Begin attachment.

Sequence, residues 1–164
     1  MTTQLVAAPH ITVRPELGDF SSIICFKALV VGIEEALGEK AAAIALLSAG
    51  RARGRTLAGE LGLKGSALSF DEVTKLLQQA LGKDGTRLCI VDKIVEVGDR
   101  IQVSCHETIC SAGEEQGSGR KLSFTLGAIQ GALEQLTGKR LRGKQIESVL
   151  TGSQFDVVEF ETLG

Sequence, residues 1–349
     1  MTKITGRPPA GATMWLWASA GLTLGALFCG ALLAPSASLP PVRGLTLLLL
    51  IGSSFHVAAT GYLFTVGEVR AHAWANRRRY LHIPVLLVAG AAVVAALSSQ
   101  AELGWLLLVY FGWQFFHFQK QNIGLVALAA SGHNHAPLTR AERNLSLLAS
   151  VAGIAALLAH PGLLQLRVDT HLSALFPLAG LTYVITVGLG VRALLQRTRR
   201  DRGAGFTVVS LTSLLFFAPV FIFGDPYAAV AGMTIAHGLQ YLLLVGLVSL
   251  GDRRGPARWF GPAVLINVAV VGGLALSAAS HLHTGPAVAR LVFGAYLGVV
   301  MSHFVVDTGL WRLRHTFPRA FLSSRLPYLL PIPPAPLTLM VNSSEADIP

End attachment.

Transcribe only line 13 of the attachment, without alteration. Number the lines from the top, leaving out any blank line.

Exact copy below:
   301  MSHFVVDTGL WRLRHTFPRA FLSSRLPYLL PIPPAPLTLM VNSSEADIP